Teach me how
to play golf
Jack Nicklaus was the Rory McIlroy, or Tiger Woods, of his day.
He dominated the golfing world for three decades, with 20 major victories, 71 PGA Tour wins, and the accolade of being one of only five players ever to have won all four major tournaments.
Nicklaus was mentored from 1950 by a man named Jack Grout. Grout was an outstanding teacher. His influence on Nicklaus is beyond calculation.
At the start of each new season Jack Nicklaus would visit Jack Grout to review his game, down to the very basics.
Nicklaus learned the very essence of the game from Grout every year.
Even at the height of his powers, fame, and success, Jack Nicklaus would still ask Jack Grout to teach him how to play golf.
When Jack Nicklaus was on tour, if his game began to dip, he would tap into the knowledge that he had gained from Grout.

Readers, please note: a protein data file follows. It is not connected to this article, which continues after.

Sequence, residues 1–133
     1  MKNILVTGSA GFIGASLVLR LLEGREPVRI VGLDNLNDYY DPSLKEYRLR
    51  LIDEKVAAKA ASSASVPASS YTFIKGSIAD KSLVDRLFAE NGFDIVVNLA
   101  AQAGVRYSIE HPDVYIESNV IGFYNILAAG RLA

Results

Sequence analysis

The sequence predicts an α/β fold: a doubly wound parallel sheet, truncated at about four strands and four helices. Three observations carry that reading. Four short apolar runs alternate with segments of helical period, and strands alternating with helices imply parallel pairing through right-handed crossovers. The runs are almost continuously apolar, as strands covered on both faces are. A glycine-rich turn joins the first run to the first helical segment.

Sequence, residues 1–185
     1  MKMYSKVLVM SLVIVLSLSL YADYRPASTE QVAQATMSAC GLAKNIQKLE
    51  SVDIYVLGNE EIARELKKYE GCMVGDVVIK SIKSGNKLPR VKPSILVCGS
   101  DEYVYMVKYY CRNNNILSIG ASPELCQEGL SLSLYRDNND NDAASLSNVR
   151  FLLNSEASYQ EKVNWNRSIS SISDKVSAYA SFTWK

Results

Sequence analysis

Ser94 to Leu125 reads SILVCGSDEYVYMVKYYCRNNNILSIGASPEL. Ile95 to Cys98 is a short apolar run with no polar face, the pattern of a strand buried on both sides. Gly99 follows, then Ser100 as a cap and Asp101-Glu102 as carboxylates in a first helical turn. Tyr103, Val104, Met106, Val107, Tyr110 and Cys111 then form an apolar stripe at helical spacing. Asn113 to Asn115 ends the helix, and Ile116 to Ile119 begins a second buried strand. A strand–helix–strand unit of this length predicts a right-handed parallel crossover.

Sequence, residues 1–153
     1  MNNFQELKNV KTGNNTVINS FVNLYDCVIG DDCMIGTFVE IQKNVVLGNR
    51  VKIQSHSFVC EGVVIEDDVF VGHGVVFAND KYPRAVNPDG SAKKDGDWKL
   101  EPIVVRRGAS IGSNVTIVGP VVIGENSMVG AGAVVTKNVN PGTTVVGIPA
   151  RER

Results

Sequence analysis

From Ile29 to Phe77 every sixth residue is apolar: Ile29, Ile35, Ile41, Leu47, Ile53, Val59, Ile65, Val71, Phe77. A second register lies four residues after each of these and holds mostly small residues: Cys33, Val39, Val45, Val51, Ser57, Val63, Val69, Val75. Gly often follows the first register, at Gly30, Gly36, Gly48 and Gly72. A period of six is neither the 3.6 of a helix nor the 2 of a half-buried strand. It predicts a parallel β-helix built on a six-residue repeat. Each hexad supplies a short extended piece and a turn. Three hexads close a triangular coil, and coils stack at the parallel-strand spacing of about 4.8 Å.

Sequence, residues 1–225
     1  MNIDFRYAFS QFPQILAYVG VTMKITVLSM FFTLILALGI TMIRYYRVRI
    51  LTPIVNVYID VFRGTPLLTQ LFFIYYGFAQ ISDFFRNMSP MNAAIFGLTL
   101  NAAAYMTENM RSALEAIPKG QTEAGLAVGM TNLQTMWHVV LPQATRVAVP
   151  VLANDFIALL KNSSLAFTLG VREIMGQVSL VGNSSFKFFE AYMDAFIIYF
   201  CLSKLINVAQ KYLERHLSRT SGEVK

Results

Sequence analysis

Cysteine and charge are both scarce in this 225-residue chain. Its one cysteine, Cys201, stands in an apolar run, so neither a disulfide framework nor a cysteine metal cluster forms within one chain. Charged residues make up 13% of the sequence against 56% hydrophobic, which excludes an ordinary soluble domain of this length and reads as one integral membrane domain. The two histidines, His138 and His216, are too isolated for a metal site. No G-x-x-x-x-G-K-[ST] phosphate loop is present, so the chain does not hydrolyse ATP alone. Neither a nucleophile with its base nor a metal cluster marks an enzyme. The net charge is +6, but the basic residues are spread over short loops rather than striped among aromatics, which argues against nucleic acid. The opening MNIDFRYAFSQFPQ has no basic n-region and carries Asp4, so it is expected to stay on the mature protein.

But this blog post isn’t really about golf.
Neither is it about the importance of mentors and teachers, although both are vital.
It is about having the right attitude in the face of success and in its absence.
The reason why this story about Jack Nicklaus and Jack Grout never fails to inspire me is because it demonstrates that humility, and being teachable, lay at the heart of Jack Nicklaus’ phenomenal success.
Being at the top of his game, and staying there, meant going back again and again to the very basics of the sport, and doing them over and over again. Round after round, tournament after tournament, year after year.
After he became a giant in his field, Nicklaus was as humble and teachable as when he first began.
Success meant relearning and putting into action the fundamentals, and doing so under the continued tutelage of his first mentor.
One of the greatest players ever to pick up a golf club continually cultivated humility and a teachable spirit.
Why is it then that success so often has the opposite effect?
Whether your area is teaching, marketing, advertising, PR, consulting or sales, sometimes success leaves us thinking that we no longer need to keep learning.
What difference would it make for you and I to adopt Nicklaus’ spirit?
And, by the way, find the best mentors, teachers, and models available.
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